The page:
This chapter looks at Cold War Canada, including the often-ignored gendering of democracy, and considers the effects of the perceived Communist threat on Canadian identity. It argues that the IODE's representation of democracy changed during the Cold War and that this change involved an ideological as well as a spatial shift away from Britain towards North America. The IODE believed that Communism within Canada posed a severe threat to Canadian citizenship, and its women and mothers sought to rigorously ‘sweep away the Communist stain’. The IODE's reaction to the Cold War reflected a forced reconsideration of Canadian identity. While the IODE promoted democratic principles of progressive conservatism, its methods and attitude to Communists were influenced by individualism and a politics more often associated with the USA, and with an ideal of home and motherhood as ‘private’ gendered spaces. The IODE consistently expressed clear organic sentiments, emphasising the importance of training future generations in its construction of Canadian identity. In the Cold War, it was against the Communist threat rather than the USA that these beliefs were directed. During the Cold War, the IODE's response to perceived threats to Canada caused a shift whereby colonial attachments weakened and there was a move to a focus on Canadian space. This shift was influenced by diverse ideologies from Britain and the practices of the USA.
This chapter places the IODE in a historical context, revealing its substantial contribution to the making of an Anglo-Canadian identity in the image of Britain. This study, which is about a group of women and the collective identity and vision they forged, focuses on the IODE's invention of ‘Britishness’ as a part of its vision for Anglo-Canada. That focus makes necessary the complicating of notions of imperialism as beginning in a European metropole and expanding outwards. Instead, colonialism becomes ‘a moment when new encounters with the world facilitated the formation of categories of metropole and colony in the first place’. In addition, the chapter looks at the imposition of hegemony, not by the direct force of a colonising power, but by the mimicry of descendants from the constructed British imperial center. It also takes up Buckner's challenge, and examines the development of a British Canada through the work of a group of female imperialists.
The chapter offers a genealogy of the IODE, detailing the structure of the organisation and placing it in imperial context. It shows how the IODE's set-up has itself represented its vision for Anglo-Canadian identity, and Canada's place within the Empire. The IODE fitted very closely with the imperial propaganda clubs, a number of which were founded at the end of the nineteenth century in Canada and other parts of the Empire. These were conservative movements that sought to foster imperial patriotism. Furthermore, patriotic expression was the initial primary objective of the IODE. Formed during wartime, the IODE set out to bolster and support nation and Empire, and all work took place in a patriotic context that was concerned with citizenship. In this way, it differed from other charitable organisations that did not have patriotism as their primary concern. As an organisation of female imperialists, the IODE was situated between the mostly male patriotic clubs and the women's organisations.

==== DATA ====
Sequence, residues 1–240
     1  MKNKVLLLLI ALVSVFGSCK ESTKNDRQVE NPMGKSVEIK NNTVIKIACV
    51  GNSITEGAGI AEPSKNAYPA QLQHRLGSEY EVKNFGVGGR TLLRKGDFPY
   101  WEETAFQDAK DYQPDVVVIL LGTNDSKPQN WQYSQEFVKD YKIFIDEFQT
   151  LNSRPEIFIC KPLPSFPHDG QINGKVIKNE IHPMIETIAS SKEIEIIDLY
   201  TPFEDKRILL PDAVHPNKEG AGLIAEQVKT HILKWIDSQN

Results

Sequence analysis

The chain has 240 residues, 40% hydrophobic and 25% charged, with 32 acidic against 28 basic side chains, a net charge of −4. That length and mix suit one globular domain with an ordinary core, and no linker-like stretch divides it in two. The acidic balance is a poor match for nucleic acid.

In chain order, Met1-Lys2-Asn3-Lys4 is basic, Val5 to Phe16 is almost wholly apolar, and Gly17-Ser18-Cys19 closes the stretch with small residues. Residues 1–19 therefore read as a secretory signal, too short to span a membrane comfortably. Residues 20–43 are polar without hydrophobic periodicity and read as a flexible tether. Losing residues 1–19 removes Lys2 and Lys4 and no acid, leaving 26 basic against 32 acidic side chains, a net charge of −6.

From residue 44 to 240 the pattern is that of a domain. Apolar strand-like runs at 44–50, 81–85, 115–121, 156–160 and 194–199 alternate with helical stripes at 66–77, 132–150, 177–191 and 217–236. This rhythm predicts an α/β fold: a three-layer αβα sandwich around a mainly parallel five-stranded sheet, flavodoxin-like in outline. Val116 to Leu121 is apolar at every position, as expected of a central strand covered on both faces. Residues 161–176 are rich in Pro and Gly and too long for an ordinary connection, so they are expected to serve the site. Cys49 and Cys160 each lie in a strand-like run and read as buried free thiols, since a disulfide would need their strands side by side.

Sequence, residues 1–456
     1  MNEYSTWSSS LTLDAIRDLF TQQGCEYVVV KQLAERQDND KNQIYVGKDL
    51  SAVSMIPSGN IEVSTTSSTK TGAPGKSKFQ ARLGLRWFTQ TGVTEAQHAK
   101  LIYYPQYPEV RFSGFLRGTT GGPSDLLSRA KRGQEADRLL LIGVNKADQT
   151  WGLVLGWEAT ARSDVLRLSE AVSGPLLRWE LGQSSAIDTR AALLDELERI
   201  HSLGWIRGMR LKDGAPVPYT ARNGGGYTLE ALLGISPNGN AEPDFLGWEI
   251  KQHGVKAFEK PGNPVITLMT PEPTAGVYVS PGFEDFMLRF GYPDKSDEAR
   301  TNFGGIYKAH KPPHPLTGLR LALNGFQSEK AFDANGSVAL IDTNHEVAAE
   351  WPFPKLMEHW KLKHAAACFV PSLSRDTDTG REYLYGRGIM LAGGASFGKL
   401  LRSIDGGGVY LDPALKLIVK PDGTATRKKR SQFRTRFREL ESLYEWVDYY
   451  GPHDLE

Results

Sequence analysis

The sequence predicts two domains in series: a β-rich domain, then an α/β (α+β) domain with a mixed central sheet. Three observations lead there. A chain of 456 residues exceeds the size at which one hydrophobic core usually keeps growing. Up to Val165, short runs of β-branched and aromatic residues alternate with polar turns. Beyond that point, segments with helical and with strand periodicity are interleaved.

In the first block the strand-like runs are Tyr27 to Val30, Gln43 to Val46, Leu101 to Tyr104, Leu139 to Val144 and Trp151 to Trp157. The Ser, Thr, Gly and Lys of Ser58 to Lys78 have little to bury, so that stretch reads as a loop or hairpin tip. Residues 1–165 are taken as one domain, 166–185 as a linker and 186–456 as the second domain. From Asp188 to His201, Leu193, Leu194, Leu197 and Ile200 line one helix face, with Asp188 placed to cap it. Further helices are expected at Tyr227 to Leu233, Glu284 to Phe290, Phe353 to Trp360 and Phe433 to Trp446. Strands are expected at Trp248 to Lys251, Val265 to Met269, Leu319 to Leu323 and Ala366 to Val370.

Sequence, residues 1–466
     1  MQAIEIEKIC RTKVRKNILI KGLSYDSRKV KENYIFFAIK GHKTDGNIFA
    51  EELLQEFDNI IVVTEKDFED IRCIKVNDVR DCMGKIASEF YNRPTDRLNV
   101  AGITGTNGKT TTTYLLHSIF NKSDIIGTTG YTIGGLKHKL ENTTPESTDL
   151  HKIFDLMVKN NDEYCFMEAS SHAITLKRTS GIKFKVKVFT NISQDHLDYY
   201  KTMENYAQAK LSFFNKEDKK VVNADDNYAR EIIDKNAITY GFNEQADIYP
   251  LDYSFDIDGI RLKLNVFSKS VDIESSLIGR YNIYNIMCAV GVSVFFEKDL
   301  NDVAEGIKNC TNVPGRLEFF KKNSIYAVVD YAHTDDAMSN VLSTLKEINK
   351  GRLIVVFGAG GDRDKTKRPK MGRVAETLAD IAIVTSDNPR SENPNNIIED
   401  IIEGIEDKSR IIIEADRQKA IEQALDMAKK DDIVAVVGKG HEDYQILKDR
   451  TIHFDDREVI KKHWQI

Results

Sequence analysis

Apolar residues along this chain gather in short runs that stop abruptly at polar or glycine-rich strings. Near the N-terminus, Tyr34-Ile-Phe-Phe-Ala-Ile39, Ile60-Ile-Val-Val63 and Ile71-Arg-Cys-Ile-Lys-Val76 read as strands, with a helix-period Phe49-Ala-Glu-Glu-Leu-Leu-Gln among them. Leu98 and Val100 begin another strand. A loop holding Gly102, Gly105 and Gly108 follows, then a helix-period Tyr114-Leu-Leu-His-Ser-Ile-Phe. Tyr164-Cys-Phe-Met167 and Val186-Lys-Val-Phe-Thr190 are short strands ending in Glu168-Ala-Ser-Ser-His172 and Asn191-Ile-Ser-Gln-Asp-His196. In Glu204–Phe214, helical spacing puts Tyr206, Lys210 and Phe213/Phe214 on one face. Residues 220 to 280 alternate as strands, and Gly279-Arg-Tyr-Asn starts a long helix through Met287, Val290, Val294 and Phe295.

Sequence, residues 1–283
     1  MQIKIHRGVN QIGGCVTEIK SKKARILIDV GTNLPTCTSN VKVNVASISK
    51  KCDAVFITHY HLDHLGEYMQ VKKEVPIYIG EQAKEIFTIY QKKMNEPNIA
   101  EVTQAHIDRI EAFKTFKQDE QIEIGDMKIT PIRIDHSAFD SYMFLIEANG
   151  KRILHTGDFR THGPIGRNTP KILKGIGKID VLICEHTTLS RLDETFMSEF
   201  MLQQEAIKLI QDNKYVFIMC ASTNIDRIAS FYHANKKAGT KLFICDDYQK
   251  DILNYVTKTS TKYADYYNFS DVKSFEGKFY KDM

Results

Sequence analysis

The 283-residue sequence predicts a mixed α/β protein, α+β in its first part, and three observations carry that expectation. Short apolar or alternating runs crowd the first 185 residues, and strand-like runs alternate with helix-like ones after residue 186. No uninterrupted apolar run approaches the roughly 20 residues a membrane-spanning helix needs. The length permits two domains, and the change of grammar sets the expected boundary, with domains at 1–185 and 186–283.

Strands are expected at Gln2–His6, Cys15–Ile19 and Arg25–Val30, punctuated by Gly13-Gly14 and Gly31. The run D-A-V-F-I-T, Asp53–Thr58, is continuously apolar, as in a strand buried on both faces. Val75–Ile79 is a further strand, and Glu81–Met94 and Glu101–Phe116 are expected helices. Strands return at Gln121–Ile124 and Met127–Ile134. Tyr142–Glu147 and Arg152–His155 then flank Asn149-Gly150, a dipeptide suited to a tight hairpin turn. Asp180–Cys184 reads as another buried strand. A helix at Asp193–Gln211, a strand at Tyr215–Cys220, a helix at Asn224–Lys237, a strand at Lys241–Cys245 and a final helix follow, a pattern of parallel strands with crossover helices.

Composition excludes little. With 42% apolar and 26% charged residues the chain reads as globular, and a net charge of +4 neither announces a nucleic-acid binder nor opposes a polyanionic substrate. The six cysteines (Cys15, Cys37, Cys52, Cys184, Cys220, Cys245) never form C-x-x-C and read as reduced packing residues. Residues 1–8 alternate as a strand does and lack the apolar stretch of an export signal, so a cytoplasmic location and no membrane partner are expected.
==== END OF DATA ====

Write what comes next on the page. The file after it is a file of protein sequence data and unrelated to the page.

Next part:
This chapter covers the beginning years of the IODE, through to the end of the First World War, and introduces the ‘racial hierarchy’ of the IODE and its preference for British immigration. It covers the IODE's work with immigrants and its maternal wartime labour. The IODE was not a pacifist organisation, as, during the First World War, the goal was victory for Canada and the Empire. Its military involvement refutes the arguments of some contemporary theorists, who consider war and peace as opposites, with women as ‘beautiful souls’ and life-givers, and men as ‘just warriors’ and life-takers. During the IODE's first years, immigration and war work had in common the intended construction of a strong British Canada. The IODE was able to use its élite social status and gender to achieve its objectives. It supported a ‘racial hierarchy’ which asserted that British people and their Anglo-Celtic Canadian descendants were superior to all other races, and discriminatory immigration laws which legislated this preference.
The chapter discusses the growing importance of ‘canadianisation’ during the 1920s, at which time the IODE was heavily involved with immigration and the canadianisation of immigrants. As canadianisation was based upon mimicking Britain as much as possible, British people were considered the easiest to canadianise. It was the IODE members' place to attempt assimilation in the homes of ‘foreigners’, this being considered ‘women's work’. As female imperialists, they used techniques familiar to those of other patriotic organisations around the Empire, promoting the English language and an imperial curriculum at every opportunity. Furthermore, the standards the IODE applied in rural areas reflected the urban aspirations of its members, and were often based on theories far removed from the realities of lived experience. It was with a great sense of citizenly mission that the IODE attempted to influence immigration and the subsequent life of immigrants.